CMS May Cut Hospital Insurance Fee
Nov. 27—Hospital risk pool contributions would drop from previously planned amounts, under a proposed rule issued this week.
The Centers for Medicare & Medicaid Services (CMS) issued a proposed rule Nov. 25 outlining payment parameters for the 2015 benefit year, which included standards for the so-called premium stabilization programs for health plans tailored to the requirements of the Affordable Care Act.
The rule included provisions that would reduce the expected $63 per capita contribution of hospitals to a reinsurance poll for health insurance plans in the new government-run marketplaces, or exchanges. The rule proposed a hospital contribution rate of $44 per capita to the pool designed as a backstop of marketplace plans with disproportionately high numbers of high-cost enrollees.
The contributions are required from both insured and self-funded health plans (including those that use third party administrators), according to the rule.
The CMS rule would exempt some self-funded health insurance plans (generally union-operated plans) from any reinsurance pool contributions or 2015 and 2016.
Additionally, hospitals that contract with health insurance plans sold through the marketplaces, or exchanges, would not need—for now—an agreement with a Patient Safety Organization.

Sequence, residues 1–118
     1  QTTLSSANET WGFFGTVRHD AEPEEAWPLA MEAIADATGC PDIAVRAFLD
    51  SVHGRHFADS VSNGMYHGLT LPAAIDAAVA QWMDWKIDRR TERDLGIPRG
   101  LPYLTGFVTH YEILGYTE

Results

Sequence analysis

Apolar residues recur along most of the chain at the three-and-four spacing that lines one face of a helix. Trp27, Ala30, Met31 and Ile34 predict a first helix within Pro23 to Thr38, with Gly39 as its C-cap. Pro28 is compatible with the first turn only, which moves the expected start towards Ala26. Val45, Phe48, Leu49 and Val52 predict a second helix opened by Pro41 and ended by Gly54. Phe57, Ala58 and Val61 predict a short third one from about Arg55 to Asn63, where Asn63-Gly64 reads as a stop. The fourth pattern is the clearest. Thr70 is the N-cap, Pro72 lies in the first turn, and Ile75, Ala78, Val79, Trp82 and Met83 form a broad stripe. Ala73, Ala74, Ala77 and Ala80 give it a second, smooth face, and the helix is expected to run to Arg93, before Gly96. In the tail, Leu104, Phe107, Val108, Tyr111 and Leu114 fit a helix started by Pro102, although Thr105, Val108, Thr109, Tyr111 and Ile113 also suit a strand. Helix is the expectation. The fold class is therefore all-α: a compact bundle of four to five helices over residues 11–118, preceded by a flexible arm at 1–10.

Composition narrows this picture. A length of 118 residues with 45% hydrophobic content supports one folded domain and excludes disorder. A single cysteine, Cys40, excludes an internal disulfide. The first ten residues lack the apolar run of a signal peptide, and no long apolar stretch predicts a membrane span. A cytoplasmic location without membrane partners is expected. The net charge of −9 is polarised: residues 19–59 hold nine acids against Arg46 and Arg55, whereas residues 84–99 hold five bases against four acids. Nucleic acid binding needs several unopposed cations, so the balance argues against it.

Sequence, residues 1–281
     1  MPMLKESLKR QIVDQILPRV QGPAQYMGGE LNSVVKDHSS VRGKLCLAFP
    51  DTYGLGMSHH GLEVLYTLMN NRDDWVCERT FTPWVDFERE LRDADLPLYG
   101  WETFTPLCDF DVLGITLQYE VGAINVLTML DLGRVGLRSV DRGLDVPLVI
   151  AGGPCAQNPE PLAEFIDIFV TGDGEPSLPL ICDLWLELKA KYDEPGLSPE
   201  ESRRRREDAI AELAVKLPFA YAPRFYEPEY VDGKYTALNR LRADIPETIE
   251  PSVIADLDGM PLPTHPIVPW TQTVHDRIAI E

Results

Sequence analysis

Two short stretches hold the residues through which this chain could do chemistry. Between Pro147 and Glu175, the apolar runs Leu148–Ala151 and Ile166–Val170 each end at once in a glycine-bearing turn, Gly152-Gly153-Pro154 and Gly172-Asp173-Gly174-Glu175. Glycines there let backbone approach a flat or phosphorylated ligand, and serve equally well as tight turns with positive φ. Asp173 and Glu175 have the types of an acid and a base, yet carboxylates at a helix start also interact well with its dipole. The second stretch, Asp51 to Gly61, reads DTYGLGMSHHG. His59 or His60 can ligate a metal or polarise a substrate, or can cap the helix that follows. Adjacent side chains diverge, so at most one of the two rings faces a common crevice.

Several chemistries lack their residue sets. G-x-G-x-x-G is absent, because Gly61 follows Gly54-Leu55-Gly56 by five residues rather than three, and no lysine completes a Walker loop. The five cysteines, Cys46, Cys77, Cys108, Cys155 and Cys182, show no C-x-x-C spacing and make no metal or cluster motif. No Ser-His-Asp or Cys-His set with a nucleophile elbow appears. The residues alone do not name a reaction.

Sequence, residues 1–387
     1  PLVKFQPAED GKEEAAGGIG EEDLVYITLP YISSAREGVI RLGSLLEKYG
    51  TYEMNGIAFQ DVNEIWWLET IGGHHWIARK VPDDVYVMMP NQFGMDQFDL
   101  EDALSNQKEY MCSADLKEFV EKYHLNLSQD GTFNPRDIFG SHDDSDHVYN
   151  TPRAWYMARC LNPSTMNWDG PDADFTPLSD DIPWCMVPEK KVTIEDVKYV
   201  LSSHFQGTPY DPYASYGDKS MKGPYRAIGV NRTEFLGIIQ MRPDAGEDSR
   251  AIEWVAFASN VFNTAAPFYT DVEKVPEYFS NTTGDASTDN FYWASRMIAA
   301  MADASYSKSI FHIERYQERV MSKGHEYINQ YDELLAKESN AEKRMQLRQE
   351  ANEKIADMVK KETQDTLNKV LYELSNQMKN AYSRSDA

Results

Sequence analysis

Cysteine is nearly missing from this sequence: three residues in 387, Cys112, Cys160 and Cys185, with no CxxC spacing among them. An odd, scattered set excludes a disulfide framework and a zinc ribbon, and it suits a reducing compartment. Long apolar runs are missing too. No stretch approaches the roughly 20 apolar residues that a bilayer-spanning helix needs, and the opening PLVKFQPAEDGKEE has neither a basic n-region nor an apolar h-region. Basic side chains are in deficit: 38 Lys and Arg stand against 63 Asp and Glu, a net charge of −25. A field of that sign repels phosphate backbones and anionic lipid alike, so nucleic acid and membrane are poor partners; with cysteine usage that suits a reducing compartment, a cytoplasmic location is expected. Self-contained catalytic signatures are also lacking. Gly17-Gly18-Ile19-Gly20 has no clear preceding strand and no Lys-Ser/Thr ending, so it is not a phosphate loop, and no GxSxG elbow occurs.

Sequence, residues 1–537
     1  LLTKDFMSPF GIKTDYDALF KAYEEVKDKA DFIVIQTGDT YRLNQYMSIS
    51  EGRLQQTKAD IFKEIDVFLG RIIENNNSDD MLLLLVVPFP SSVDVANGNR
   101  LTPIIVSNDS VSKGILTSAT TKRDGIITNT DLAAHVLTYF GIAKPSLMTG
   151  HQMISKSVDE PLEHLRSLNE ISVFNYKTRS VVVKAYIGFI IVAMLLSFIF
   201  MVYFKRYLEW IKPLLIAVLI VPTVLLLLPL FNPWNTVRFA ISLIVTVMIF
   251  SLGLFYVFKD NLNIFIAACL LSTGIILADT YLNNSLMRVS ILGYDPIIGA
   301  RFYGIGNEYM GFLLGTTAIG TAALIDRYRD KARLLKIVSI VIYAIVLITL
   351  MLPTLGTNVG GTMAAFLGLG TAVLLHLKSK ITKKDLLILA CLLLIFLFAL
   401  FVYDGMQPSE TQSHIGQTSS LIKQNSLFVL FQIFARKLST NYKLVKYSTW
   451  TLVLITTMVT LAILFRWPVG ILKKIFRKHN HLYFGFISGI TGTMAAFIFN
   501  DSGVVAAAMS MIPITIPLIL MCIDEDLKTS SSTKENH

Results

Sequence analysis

The ACA required that before hospitals with more than 50 beds could contract with a marketplace plan they had to meet certain patient safety standards, including use of a patient safety evaluation system. However, the ACA also gave the U.S. Health and Human Services secretary “flexibility to establish reasonable exceptions to these patient safety requirements,” the rule said.
The delay in the safety requirements came because a Jan. 1, 2015 implementation “could result in a shortage of qualified hospitals and providers available for contracting with QHPs [marketplace plans],” the rule said.
Comments on the proposed rule are due Dec. 26.
Publication Date: Wednesday, November 27, 2013